* I would squeeze in ‘Franny and Zooey’ by JD Salinger (for the deeply deep spiritual narratives and love) –  and ‘A prayer for owen meany’ by John Irving if you’d let me. For the same reasons as my first two choices (: – )).

5. Sweet, savory, salty, astringent or pungent? It has to be everything together – a sensuous feast indeed! What sort of meal is that? Must go off and test it out – is it a mezze?

6. What is your response to aging: do you accept it? Fear it? Embrace it? Don’t worry about it? I love it! The older I get, the less I know, and the less I worry about it.   This means I am on a never ending journey of discovery. Which makes life interesting.  I find it easier to be compassionate and more accepting, from the long view of being older and I am intrigued by the possibilities of age.  The trick is to be forever renewing yourself and evolving.  As Mr Robert Zimmerman says : “he not busy being born is a-busy dying”

7. Name one material thing you own that you’d hate to part with. A copy of Patanjali’s ‘Yoga Sutras’, probably Geshe Michael Roach’s version – which you can find online as a pdf – one of the many great gifts he has given us. A life without Patanjali’s Yoga Sutras…not worth thinking about – it would get those chitti’s vritting for sure…

8. What three characteristics do you strive to incorporate into your life? Compassion, Integrity and Acceptance

9. What is one of your favourite words? OM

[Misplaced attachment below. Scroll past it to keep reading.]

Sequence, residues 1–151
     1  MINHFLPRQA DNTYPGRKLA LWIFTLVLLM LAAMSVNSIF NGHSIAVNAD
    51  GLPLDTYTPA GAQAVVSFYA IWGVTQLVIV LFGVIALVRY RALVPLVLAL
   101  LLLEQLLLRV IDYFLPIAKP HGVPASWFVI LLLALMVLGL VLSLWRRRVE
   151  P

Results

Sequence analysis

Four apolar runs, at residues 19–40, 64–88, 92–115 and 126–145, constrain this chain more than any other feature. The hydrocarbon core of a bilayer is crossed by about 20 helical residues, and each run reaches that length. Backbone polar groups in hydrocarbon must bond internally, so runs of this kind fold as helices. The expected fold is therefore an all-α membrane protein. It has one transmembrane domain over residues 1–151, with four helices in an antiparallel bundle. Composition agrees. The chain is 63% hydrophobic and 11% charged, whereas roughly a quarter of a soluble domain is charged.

Thanks again Intolerant for this nomination.  It has been a great pleasure.   As for the bloggers I nominate – here goes!

(1)  –   this is a fun, clever, and useful fitness blog with some great food tips too. I’m not one for the fashion tips but I do find that it helps me communicate to the women in my life with a degree of sense and style. Try the exercises – some of the series are pretty heavy duty and this blogger makes it look like light work.

 (2) – I love the opening of this blog : “a lifestyle begging for transformation” and we see the fusion of a metal fan with yoga – some great blog entries and some super pictures – I love the energy and the commitment even if I am not majorly a metal fan.

(3)  – wow! I just love the energy of this blog and the writer. It’s informative, sassy and packed full of really neat infographics (Alison has even got me sounding vaguely american with words like ‘sassy’ and ‘really neat’ – she’s that enthusiastic – I bet her class is fantastic!) . And given that my mother is a hinkes with an ‘e’ – I just had to nominate this great site. If ever I am in the ‘States I’ll be heading for Bull City Yoga that’s for sure!